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#pounditThursday, March 30, 2023

Rick Porcello: MLB drug testing program has ‘failed’


There is definitely an undercurrent of dissatisfaction among some Major League players with regards to how the league’s drug program works.

Boston Red Sox pitcher Rick Porcello is the latest to speak against it, saying that the policy has “failed” to deter players from using performance enhancing drugs.

“I’m all in favor for (stiffer penalties),” Porcello said, via Christian Red of the New York Daily News. “Obviously what’s going on right now is not preventing guys from doing it. This year, there’s a guy that literally tested positive three times. That’s obviously not effective. I’m all in favor for a much, much more severe punishment or a lifetime ban. At the end of the day, it’s looking like that’s the only thing that’s going to keep guys from doing it. If that ever happens, we’ll find out if that’s even enough. There’s no right or wrong answer right now, but I think there at least needs to be some adjustments for sure.”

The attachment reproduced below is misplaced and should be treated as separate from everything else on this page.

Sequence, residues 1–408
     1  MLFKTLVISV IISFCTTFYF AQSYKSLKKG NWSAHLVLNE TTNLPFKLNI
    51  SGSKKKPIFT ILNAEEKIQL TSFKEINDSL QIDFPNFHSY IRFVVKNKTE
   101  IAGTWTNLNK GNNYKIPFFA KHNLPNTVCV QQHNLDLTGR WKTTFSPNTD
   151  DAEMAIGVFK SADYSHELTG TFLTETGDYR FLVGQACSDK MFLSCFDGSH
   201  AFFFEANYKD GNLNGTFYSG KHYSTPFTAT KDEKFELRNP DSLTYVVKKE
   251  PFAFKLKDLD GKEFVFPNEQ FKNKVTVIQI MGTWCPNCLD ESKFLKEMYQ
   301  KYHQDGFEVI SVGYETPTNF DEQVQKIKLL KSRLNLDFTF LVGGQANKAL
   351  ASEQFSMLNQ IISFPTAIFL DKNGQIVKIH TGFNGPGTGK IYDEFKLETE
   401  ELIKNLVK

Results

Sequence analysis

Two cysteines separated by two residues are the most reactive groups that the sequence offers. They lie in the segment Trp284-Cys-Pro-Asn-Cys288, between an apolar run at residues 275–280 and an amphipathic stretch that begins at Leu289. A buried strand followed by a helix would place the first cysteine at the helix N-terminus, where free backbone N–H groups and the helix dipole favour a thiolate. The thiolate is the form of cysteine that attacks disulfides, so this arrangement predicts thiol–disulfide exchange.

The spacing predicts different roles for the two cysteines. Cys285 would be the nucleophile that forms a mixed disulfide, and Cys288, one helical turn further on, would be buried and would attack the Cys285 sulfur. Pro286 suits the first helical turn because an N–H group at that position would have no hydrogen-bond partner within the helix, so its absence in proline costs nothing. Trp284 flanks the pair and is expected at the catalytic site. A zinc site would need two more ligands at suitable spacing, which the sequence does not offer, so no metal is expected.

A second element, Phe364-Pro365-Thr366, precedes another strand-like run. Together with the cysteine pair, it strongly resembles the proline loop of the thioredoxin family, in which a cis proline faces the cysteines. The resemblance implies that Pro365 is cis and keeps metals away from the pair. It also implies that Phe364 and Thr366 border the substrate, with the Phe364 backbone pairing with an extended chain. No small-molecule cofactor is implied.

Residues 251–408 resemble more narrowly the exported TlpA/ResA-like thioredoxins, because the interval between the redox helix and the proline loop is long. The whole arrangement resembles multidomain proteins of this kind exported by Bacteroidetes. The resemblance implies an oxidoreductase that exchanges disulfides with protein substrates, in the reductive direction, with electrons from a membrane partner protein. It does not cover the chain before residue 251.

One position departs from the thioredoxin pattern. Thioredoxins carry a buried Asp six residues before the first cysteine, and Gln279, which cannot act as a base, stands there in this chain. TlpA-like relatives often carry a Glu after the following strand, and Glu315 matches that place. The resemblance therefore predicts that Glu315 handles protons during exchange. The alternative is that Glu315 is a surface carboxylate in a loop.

Porcello, who lost a one game playoff for a division title back in 2009 with the Tigers, is not pleased that players who have tested positive can impact games while their appeals are pending.

“I know I’m working my tail off every day to do it the right way, and I’m playing against guys that are testing positive and it’s directly impacting myself, our team, potential playoff chances and all those implications,” Porcello said. “I just don’t think that that’s right. Not a lot of guys have said stuff to me, but that was one instance where somebody came up and said, ‘I disagree with you.’ But I still stand by my comments in saying I disagree with what’s going on right now — if a guy tests positive, he should not be able to appeal and continue to play. I think that’s the worst-case scenario. There’s nothing to stand by with what (commissioner Rob Manfred) is talking about. It’s failed.”

Porcello says he understands due process, and frankly, it has to be that way. Players have had their suspensions overturned, albeit under questionable circumstances, and they have to give players that right. MLB operates under the principle of innocent until proven guilty. One of Porcello’s former teammates agrees with his opinion, but there’s not much you can do.


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